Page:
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  1. What is RNA splicing?
  2. Genetic information is transferred from genes to the proteins they encode via a “messenger” RNA intermediate DNA GENE messenger RNA (mRNA) protein transcription translation
  3. Most genes have their protein-coding information interrupted by non-coding sequences called “introns”. The coding sequences are then called “exons” DNA GE NE intron exon 1 exon 2 transcription precursor-mRNA (pre-mRNA) intron
  4. The intron is also present in the RNA copy of the gene and must be removed by a process called “RNA splicing” protein translation mRNA RNA splicing pre-mRNA intron
  5. Splicing a pre-mRNA involves two reactions pre-mRNA intron branchpoint A spliced mRNA Step 2 intermediates Step 1 A
  6. Splicing occurs in a “spliceosome” an RNA-protein complex (simplified) pre-mRNA spliced mRNA spliceosome (~100 proteins + 5 small RNAs) Splicing works similarly in different organisms, for example in yeast, flies, worms, plants and animals.
  7. RNA is produced in the nucleus of the cell. The mRNA has to be transported to the cytoplasm to produce proteins Ribosomes are RNA-protein machines that make proteins, translating the coding information in the mRNA
  8. Pre-messenger RNA Processing cytoplasm nucleus mRNA RNA splicing M7G AAAAAAA200 pre-mRNA intron exon exon AAAAAAA200 M7G transport M7G AAAAAAA200 ribosomes protein cap poly(A) tail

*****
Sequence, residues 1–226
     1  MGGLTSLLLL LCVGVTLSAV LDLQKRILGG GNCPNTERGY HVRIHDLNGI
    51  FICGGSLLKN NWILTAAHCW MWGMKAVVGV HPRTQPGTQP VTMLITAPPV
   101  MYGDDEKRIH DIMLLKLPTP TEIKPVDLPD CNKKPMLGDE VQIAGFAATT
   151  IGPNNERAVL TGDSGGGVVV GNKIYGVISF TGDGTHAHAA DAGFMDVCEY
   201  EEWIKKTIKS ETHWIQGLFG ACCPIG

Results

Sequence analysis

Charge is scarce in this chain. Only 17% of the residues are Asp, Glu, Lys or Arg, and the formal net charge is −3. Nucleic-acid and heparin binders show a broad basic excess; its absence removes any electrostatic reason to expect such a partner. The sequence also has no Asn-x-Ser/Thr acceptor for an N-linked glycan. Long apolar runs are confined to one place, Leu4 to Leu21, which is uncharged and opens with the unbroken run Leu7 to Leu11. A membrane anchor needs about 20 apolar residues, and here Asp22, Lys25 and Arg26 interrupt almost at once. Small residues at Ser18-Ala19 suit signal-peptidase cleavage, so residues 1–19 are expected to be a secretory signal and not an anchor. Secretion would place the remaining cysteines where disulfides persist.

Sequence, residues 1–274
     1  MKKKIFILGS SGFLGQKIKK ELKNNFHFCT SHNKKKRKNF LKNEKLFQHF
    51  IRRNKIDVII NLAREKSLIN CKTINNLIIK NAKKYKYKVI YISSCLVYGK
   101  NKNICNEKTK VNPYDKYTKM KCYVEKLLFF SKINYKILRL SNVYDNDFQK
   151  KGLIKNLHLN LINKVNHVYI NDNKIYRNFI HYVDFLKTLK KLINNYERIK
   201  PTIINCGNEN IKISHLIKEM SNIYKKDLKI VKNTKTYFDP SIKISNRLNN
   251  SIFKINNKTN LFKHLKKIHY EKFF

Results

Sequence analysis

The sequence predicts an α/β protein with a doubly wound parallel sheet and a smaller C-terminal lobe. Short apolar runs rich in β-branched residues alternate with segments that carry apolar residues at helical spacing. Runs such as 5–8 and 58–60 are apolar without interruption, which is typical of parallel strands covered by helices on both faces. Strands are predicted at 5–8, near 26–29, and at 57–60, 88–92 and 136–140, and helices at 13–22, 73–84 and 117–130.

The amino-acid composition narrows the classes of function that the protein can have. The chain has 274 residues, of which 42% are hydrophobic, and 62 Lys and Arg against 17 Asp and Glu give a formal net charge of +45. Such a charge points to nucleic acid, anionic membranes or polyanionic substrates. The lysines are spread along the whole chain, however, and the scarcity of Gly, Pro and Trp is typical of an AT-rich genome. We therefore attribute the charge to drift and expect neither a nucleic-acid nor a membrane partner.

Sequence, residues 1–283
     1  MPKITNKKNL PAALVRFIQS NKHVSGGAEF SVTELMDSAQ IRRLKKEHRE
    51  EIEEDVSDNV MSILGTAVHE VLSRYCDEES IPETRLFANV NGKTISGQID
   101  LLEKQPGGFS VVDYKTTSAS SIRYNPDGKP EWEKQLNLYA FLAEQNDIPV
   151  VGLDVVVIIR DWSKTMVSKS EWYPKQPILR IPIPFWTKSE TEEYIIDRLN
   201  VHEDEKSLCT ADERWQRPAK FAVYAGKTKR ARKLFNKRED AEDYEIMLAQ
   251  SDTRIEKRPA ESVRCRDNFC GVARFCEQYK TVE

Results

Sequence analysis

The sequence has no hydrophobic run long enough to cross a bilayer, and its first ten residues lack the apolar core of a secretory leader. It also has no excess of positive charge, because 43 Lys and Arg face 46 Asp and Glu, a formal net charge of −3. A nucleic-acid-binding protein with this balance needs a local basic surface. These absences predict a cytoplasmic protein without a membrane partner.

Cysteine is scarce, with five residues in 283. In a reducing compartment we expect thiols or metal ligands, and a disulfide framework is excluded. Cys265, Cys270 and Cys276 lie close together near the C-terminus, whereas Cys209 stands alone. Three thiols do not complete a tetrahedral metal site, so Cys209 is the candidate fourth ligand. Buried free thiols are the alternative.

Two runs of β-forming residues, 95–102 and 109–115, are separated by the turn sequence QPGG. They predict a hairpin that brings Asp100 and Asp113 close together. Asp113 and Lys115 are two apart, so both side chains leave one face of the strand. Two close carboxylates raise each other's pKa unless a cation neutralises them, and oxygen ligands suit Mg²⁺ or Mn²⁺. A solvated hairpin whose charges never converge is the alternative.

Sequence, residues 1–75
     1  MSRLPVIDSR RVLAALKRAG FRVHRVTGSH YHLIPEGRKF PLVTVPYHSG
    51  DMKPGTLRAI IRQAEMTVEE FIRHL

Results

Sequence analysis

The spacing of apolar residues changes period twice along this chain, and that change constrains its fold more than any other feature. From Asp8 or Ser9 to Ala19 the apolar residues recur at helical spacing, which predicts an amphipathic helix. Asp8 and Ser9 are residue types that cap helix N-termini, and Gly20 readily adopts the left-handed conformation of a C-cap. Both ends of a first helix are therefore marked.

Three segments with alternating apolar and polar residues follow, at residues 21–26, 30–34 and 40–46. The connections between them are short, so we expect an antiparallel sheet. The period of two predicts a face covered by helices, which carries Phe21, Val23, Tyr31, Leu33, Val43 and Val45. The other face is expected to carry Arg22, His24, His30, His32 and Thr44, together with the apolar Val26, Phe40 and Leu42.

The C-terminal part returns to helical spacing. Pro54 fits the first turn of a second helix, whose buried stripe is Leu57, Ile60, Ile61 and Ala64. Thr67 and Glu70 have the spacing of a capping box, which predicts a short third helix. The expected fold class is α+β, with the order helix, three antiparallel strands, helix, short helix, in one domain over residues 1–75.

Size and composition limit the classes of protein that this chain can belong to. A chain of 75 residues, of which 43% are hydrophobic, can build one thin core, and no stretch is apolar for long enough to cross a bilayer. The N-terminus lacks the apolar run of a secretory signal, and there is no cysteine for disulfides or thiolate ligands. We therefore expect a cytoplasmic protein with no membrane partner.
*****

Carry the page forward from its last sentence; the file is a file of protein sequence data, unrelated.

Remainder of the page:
9. Alternative splicing In humans, many genes contain multiple introns 3 4 5 1 2 1 2 3 5 4 intron 2 intron 3 intron 4 intron 1 Usually all introns must be removed before the mRNA can be translated to produce protein
  10. However, multiple introns may be spliced differently in different circumstances, for example in different tissues. 1 2 3 5 Heart muscle mRNA 1 4 3 5 Uterine muscle mRNA Thus one gene can encode more than one protein. The proteins are similar but not identical and may have distinct properties. This is important in complex organisms 3 5 4 2 1 pre-mRNA
  11. Different signals in the pre-mRNA and different proteins cause spliceosomes to form in particular positions to give alternative splicing
  12. 7 6 5 7 5 6 5 7 Fas pre-mRNA APOPTOSIS Alternative splicing can generate mRNAs encoding proteins with different, even opposite functions (programmed cell death) Fas ligand Soluble Fas (membrane) Fas Fas ligand (membrane- associated) (+) (-)
  13. Alternative splicing can generate tens of thousands of mRNAs from a single primary transcript 12 48 33 2 Combinatorial selection of one exon at each of four variable regions generates more than 38,000 different mRNAs and proteins in the Drosophila cell adhesion molecule Dscam The protein variants are important for wiring of the nervous system and for immune response protein mRNA pre-mRNA
  14. The Genetic Code • Describes how nucleotide sequence is converted to protein sequence • Unit of three nucleotides = a codon • A codon codes for a specific amino acid (structural component of protein)
  15. • The four bases can form 64 different codons • 20 amino acids are found from the nature • Regulatory codons
  16. The Nature of the Genetic Code • A group of three bases codes for one amino acid • The code is not overlapping • The base sequence is read from a fixed starting point, with no punctuation • The code is degenerate (in most cases, each amino acid can be designated by any of several triplets
  17. Features of the Genetic Code • All the codons have meaning: 61 specify amino acids, and the other 3 are "nonsense" or "stop" codons • The code is unambiguous - only one amino acid is indicated by each of the 61 codons • The code is degenerate - except for Trp and Met, each amino acid is coded by two or more codons • Codons representing the same or similar amino acids are similar in sequence